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Sacramento Digs Gardening Recipe Index

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Recipe Index

Sun, Nov 27, 2022

Odd couple makes perfect red-green holiday side dish

'Rubied sprouts' feature two seasonal favorites

Sun, Nov 20, 2022

Enjoy mandarins in a creamy parfait

Try mandarins in an easy parfait dessert

Sun, Nov 13, 2022

Super-ripe persimmon pulp makes for plump cookie

Treat features fruit and a special ingredient

Sun, Nov 06, 2022

Little lime cookies deliver a pop of sweet-tart flavor

Citrus season starts just as days get shorter and chillier

Sun, Oct 30, 2022

This fall favorite uses a different orange fruit

It’s persimmon season! Try them in a baked pudding

Sun, Oct 23, 2022

Mini turnovers feature savory fall flavors

Pumpkin and herbed greens fill appetizers fit for a party

Sun, Oct 16, 2022

Best of both seasons in sheet-pan meal

Gnocchi roasted in the oven is a revelation

Sun, Oct 09, 2022

Inspired by France, this salad celebrates a change of seasons

Layer fresh Mediterranean vegetables for a colorful salad

Sun, Oct 02, 2022

Flip for a spiced pear cake this fall

Upside-down treat is perfect for brunch or dessert

Sun, Sep 25, 2022

Easy tomato soup tastes like the Big Tomato

Recipe: Fresh tomato soup uses only five ingredients.

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Dig In: Garden checklist for week of Nov. 27

Before the rain comes later in the week, take advantage of sunny, calm days:

* This may be your last chance this season for the first application of copper fungicide spray to peach and nectarine trees. Leaf curl, which shows up in the spring, is caused by a fungus that winters as spores on the limbs and around the tree in fallen leaves. Sprays are most effective now, but they need a few days of dry weather after application to really “stick.” If you haven’t yet, spray now.

* Rake and compost leaves, but dispose of any diseased plant material. For example, if peach and nectarine trees showed signs of leaf curl this year, clean up under trees and dispose of those leaves instead of composting.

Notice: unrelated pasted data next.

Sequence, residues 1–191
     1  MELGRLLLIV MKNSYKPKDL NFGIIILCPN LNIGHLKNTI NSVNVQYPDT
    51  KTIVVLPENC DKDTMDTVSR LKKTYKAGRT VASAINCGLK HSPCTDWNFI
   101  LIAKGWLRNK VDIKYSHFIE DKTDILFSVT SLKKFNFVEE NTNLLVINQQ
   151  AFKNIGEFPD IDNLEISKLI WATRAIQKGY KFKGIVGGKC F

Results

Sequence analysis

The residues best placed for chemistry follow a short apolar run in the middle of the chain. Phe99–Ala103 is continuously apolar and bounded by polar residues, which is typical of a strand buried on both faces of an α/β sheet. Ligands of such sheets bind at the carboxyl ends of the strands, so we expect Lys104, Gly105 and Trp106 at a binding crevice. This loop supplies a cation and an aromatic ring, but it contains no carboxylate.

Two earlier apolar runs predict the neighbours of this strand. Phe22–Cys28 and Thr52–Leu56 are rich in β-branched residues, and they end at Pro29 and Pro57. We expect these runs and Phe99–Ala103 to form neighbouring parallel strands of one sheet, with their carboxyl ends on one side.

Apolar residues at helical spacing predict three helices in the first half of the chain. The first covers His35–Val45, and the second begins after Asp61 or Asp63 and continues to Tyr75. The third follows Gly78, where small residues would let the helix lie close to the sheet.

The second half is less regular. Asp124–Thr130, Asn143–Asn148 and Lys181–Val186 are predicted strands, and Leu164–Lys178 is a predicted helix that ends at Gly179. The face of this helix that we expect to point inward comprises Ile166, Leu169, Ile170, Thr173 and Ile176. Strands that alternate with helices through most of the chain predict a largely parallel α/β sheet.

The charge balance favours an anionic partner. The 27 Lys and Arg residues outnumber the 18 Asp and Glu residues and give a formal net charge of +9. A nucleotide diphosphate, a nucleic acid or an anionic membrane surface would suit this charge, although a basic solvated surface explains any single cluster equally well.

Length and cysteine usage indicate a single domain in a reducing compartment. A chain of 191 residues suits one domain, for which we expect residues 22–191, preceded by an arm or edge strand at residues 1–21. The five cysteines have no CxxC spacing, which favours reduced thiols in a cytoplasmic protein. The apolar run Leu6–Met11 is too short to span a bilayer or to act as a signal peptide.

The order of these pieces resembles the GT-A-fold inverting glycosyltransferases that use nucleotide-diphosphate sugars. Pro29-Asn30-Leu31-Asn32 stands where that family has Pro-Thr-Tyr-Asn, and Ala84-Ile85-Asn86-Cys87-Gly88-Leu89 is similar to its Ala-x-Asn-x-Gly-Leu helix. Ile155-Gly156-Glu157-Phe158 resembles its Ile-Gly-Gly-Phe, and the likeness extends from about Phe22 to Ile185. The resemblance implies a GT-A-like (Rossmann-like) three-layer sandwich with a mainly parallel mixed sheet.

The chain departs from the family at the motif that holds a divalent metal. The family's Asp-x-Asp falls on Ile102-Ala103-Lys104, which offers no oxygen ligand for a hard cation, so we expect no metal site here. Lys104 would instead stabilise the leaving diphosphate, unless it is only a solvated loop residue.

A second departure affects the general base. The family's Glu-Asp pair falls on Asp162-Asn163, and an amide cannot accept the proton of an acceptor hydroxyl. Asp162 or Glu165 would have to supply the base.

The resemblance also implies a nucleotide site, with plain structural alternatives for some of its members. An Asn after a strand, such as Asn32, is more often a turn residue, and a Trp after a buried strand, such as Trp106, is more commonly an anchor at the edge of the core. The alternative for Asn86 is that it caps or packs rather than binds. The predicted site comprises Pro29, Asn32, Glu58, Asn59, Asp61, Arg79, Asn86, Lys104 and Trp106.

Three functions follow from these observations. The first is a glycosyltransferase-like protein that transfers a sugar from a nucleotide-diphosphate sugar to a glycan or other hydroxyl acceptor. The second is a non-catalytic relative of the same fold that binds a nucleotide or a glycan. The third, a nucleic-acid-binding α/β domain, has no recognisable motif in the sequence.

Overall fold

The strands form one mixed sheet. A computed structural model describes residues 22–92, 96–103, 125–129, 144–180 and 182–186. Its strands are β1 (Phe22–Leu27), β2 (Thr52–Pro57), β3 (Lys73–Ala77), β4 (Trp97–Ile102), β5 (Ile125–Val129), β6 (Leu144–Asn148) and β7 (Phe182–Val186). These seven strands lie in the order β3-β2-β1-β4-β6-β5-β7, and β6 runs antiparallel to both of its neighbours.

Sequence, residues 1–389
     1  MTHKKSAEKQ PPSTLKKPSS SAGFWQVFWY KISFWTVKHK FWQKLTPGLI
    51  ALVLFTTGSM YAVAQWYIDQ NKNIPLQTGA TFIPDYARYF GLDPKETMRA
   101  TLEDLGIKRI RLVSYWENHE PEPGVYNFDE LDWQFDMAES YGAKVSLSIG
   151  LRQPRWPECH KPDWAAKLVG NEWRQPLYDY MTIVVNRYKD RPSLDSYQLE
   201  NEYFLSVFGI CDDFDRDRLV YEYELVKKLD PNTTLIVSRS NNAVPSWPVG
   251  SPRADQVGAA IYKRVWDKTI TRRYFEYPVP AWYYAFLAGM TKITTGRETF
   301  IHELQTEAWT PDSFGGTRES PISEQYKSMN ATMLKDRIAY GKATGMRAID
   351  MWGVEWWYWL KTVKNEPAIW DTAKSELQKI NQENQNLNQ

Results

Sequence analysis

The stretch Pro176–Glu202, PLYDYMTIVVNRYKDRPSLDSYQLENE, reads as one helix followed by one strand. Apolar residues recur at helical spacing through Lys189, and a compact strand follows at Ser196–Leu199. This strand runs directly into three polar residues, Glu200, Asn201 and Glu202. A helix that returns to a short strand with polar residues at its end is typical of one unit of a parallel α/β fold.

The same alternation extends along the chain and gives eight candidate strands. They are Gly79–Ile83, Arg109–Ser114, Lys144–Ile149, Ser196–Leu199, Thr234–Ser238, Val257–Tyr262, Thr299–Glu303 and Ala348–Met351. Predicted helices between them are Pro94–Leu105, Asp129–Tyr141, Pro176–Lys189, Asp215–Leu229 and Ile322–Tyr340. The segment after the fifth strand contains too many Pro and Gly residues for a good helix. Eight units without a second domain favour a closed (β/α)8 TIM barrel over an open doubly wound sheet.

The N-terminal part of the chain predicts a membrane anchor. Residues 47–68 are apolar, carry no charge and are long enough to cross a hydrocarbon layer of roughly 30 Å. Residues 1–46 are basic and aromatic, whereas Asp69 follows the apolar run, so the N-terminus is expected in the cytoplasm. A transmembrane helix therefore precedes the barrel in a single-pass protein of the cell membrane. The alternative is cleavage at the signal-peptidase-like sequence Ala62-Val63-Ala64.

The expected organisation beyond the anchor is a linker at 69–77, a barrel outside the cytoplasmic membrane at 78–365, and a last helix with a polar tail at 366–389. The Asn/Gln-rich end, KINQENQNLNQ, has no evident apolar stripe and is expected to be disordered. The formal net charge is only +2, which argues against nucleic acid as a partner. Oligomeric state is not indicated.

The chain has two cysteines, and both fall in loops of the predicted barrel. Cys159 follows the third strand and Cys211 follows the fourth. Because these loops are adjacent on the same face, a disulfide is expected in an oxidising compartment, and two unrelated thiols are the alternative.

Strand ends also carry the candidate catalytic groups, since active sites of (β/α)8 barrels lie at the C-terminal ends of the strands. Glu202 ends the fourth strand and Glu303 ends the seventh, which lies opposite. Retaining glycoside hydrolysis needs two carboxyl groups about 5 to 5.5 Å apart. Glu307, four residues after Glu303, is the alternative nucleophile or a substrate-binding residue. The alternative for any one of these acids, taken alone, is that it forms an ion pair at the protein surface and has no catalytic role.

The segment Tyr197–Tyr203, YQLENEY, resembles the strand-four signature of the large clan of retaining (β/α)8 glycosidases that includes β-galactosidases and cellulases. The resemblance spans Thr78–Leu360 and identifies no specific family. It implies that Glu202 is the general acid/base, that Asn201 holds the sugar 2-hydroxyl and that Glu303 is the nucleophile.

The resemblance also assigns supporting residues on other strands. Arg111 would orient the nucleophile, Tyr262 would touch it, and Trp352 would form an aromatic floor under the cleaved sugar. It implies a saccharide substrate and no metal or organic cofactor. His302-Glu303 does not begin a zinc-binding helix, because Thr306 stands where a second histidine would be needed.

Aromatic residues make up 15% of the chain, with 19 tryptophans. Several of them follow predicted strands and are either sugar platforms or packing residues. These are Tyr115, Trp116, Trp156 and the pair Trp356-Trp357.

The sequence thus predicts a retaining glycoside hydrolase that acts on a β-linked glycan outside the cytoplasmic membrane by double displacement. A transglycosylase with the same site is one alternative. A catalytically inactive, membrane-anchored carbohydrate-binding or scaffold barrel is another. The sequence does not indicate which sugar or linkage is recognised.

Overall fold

* Make sure storm drains are clear of any debris.

* Give your azaleas, gardenias and camellias a boost with chelated iron.

* Trim chrysanthemums to 6 to 8 inches above the ground after they’re done blooming. Keep potted mums in their containers until next spring. Then, they can be planted in the ground, if desired, or repotted.

* Prune non-flowering trees and shrubs while dormant.

* Plant bulbs for spring bloom. Don’t forget the tulips chilling in the refrigerator. Other suggestions: daffodils, crocuses, hyacinths, anemones and scillas.

* Seed wildflowers including California poppies.

* Also from seed, plant sweet pea, sweet alyssum, bachelor buttons and other spring flowers.

* Plant most trees and shrubs. This gives them plenty of time for root development before spring growth. They also benefit from winter rains.

* Set out cool-weather annuals such as pansies and snapdragons.

* Lettuce, cabbage, broccoli and cool-season greens can be planted now.

* Plant garlic and onions.

* If you decide to use a living Christmas tree this year, keep it outside in a sunny location until Christmas week. This reduces stress on the young tree.

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